2. HMRC notification 

Notify HMRC of your intention to set up an EMI scheme. This involves submitting necessary documentation and gaining approval.

3. Valuation of shares 

Determine the market value of the shares to be offered. This valuation is essential for calculating the exercise price and ensuring compliance with HMRC requirements. You should obtain expert advice to help you set the correct valuation. 

4. Create the Option Agreement

Draft a comprehensive Option Agreement outlining the terms and conditions of the scheme. This document should cover details such as exercise price, vesting periods, and any conditions for share acquisition.

5. Employee communication

Transparent communication with employees is crucial. Clearly explain the benefits of the EMI scheme, the terms involved, and the potential tax implications.

6. Submission to HMRC

Submit the option agreement and relevant documentation to HMRC for approval. This step is crucial to ensure that the scheme qualifies for EMI tax advantages.

7. Employee exercise of options

Once approved, employees become option holders. They can exercise their options by purchasing shares at the agreed-upon exercise price.


Free EMI Option Agreement template


What else do I need to know?

Embarking on the journey of implementing an EMI share option scheme requires careful consideration and understanding of the legal nuances involved. Here are key points to keep in mind:

  • Compliance is key – strict compliance with HMRC guidelines and timescales are paramount
  • Communication is crucial – clearly communicate the details of the EMI scheme to employees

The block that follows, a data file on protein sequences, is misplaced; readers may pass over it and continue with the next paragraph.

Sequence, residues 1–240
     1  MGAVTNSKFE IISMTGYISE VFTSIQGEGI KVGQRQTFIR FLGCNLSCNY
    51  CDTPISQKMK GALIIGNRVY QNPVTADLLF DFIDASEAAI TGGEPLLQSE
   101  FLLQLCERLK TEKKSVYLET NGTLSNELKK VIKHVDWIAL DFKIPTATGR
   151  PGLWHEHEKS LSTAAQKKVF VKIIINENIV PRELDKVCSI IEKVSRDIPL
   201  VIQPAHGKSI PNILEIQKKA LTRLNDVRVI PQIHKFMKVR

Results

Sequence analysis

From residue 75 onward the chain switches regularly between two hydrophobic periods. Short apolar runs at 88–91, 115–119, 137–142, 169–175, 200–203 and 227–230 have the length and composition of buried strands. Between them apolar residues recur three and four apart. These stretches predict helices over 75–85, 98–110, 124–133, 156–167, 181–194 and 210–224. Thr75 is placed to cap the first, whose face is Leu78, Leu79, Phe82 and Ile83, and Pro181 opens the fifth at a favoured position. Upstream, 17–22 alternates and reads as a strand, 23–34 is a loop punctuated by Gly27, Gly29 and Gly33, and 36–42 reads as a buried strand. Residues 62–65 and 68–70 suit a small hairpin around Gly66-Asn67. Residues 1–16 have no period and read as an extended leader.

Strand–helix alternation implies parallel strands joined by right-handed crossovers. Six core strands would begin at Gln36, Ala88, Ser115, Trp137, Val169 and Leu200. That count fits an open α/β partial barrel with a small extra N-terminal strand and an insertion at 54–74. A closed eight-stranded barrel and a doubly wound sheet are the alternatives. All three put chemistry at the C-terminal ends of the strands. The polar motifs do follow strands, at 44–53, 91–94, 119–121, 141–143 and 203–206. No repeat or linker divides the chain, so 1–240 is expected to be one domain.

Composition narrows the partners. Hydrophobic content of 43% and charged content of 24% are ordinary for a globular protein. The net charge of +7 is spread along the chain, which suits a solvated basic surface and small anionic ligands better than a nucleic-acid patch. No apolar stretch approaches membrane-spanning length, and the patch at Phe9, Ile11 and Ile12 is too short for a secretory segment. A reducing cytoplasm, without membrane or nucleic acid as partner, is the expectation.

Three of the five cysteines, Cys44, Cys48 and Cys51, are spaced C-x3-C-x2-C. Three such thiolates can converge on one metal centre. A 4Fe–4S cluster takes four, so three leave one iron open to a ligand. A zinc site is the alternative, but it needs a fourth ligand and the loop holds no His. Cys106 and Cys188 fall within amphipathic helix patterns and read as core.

• Professional advice – Seeking legal and financial advice is highly recommended
  • Regular review – Periodically review the performance of the EMI scheme

What are alternative options to an EMI share option scheme?

​​While Enterprise Management Incentive (EMI) share option schemes can be powerful tools for attracting and retaining talent, they might not be suitable for every business. Fortunately, there are alternative methods for businesses to incentivise and reward employees. 

1. Share purchase plans

Instead of offering stock options, businesses can implement share purchase plans that allow employees to buy company shares at a discounted price. This provides employees with a sense of ownership and alignment with the company's success. The discounted purchase price can be an attractive incentive.

2. Performance bonuses

Establish performance-related bonuses tied to individual or team achievements. These bonuses can be monetary or in the form of additional benefits. This directly ties rewards to performance, promoting a culture of excellence. Simpler to administer than equity-based schemes.

3. Profit-sharing schemes

Distribute a portion of the company's profits among employees. This can be done on a periodic basis, such as annually. This fosters a collective sense of responsibility for the company's success. This also aligns rewards with overall financial performance.

4. Employee Stock Purchase Plans (ESPPs)

ESPPs allow employees to purchase company shares at a discounted rate, often through payroll deductions. Similar to share purchase plans, ESPPs encourage ownership and loyalty. The discounted purchase price can be a compelling incentive.

5. Performance shares